But lets be clear about this - the red card made it very difficult for Leitrim no more than Shane Quinn's red card against Offaly in last year's League. I don't think I've seen too many people deliberately going out to get sent off - I have seen a few but that's for another day - and some players take a bullet for the team to prevent a match winning score but Flynn is guilty of nothing more than a mistimed challenge.
The inches involved in that challenge on Cian Lally were the same inches that saw Cillian McGloin's shot saved by the Sligo keeper or the half-foot or so that would have turned Brendan Flynn's kickout into a successful delivery to a teammate rather than an interception and goal for Sligo.
We can go all Al Pacino and quote “Any Given Sunday” here with the famed inches speech but in a game of this level, inches really is what it is all about and inches are what makes the wonderful interception or the missed tackle - it really is that close.
Flynn is hurting right now and unfortunately suspension means he won't be able to get back out on the field straight away but his teammates need to channel that hurt next Sunday when Mickey Harte brings Louth to Avant Money Pairc Sean Mac Diarmada.
Victory would reignite Leitrim's hopes of making the top two and a shot at promotion back to Division 3 but the Leitrim lads will need to dig in. They showed last Sunday they could score, and how impressive was a return of 18 points, but there was a worrying openness to the defence and in truth, Sligo should have plundered a few more goals.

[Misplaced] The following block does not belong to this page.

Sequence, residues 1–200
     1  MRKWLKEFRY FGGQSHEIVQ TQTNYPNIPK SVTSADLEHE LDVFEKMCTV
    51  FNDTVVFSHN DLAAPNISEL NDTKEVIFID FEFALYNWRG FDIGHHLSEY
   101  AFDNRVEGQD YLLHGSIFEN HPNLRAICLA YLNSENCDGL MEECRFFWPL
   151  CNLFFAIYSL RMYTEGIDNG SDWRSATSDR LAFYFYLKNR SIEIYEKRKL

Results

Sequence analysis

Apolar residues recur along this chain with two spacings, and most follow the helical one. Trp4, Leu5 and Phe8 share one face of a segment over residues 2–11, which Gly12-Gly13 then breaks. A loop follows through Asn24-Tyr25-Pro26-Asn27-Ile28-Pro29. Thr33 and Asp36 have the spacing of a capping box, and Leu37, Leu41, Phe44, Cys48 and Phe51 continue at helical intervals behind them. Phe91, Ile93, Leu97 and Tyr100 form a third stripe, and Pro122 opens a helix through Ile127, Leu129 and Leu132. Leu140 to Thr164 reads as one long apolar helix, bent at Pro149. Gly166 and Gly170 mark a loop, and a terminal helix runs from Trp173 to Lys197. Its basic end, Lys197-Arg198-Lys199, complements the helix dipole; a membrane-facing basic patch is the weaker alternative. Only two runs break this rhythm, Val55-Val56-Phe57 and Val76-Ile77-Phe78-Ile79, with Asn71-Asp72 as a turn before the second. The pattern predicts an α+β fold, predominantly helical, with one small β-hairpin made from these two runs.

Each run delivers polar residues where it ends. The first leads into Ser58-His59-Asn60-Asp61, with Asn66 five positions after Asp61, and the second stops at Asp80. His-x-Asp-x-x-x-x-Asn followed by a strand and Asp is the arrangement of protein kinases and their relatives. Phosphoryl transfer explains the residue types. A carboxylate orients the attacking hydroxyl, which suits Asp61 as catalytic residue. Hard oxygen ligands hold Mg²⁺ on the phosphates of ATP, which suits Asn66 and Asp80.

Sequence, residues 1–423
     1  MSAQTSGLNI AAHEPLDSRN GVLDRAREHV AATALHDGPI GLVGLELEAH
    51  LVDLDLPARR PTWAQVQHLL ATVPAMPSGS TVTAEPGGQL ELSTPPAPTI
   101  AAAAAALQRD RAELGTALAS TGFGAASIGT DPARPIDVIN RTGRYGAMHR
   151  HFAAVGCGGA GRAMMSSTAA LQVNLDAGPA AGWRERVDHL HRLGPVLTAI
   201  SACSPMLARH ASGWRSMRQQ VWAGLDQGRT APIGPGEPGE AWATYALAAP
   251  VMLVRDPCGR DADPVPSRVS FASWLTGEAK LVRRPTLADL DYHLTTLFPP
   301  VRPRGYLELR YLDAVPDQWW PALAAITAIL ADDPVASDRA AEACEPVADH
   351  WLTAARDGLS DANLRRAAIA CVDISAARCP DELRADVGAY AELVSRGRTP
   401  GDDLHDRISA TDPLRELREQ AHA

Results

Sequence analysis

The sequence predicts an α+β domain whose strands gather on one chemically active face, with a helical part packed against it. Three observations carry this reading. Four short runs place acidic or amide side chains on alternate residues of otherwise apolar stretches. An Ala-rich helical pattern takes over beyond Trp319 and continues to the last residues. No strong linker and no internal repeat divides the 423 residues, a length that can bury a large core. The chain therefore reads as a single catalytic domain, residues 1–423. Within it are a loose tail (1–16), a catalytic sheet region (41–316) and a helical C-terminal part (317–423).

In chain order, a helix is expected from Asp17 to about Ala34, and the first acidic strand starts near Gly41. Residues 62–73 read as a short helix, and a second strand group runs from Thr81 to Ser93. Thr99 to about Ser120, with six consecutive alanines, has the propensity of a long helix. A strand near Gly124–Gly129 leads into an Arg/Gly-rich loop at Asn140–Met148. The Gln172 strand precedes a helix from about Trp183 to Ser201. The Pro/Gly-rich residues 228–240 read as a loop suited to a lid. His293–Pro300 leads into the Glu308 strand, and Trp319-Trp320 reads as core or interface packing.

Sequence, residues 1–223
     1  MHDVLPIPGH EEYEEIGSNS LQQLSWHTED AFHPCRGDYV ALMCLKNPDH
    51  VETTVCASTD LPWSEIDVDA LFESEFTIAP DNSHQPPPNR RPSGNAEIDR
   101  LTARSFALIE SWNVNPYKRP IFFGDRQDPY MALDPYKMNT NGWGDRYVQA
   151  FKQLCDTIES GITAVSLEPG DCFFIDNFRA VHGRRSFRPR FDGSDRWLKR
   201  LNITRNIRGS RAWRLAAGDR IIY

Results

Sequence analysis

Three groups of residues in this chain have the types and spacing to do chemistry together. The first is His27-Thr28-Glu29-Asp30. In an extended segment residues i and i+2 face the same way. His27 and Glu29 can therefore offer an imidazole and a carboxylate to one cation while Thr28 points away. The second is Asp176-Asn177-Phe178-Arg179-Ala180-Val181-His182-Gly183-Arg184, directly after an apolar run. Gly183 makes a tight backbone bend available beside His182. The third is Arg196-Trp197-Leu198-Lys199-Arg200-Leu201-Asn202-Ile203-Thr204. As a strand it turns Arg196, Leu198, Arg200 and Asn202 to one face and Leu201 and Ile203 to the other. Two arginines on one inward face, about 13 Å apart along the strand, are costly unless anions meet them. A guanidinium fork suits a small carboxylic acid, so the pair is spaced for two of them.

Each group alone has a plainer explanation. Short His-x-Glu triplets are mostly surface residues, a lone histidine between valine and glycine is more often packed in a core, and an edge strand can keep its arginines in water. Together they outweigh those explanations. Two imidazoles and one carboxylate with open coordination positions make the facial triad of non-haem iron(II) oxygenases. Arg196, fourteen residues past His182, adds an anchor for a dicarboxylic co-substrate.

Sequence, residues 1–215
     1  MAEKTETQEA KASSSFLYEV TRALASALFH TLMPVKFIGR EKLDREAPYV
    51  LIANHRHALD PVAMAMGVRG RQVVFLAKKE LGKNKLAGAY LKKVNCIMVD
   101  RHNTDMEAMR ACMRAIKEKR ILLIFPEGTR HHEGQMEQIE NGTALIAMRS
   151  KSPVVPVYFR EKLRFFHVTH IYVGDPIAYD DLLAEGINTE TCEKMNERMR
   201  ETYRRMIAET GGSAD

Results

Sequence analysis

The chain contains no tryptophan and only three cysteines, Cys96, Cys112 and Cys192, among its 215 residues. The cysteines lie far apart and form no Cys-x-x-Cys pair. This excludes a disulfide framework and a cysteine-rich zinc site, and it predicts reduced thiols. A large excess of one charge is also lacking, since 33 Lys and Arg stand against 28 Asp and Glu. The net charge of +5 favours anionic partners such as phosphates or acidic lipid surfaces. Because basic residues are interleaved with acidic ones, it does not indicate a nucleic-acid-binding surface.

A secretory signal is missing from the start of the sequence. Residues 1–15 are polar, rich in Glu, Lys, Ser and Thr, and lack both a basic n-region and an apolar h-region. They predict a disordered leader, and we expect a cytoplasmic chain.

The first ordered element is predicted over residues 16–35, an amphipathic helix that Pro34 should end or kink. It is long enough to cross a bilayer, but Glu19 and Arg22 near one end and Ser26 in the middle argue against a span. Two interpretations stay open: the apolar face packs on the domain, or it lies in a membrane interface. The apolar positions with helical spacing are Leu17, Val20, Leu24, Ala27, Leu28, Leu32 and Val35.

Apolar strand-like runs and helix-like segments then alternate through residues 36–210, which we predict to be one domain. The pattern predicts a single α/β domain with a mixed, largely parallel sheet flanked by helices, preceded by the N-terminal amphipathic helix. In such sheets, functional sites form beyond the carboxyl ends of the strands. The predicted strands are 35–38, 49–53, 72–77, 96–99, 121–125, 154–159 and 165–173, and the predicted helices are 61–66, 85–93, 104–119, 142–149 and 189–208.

Louth won't hold any fears for the Green & Gold but neither will Louth be too afraid of Terry Hyland's troops - this game tends to go to whoever is in a run of good form at the time. Both teams are hurting right now and victory in Carrick will get the winner back on track and leave the loser in Division 4 for another year.
The challenge for the players is to regain the momentum they had going into the Sligo game. You could sense from just looking at the players trooping off the pitch at Markievicz that they were shell-shocked by the result but what we believed about them and what they believed about themselves last week before the start of the League is as true today as it was then.
That's quite a lot of pressure but what the Leitrim players, football and hurling, need to do is to dig in, find their inner-thicko and refuse to take a step back and truly believe. They've shown the talent in the past to beat Louth - now it is time to dig deep, be stubborn and show what they can really do!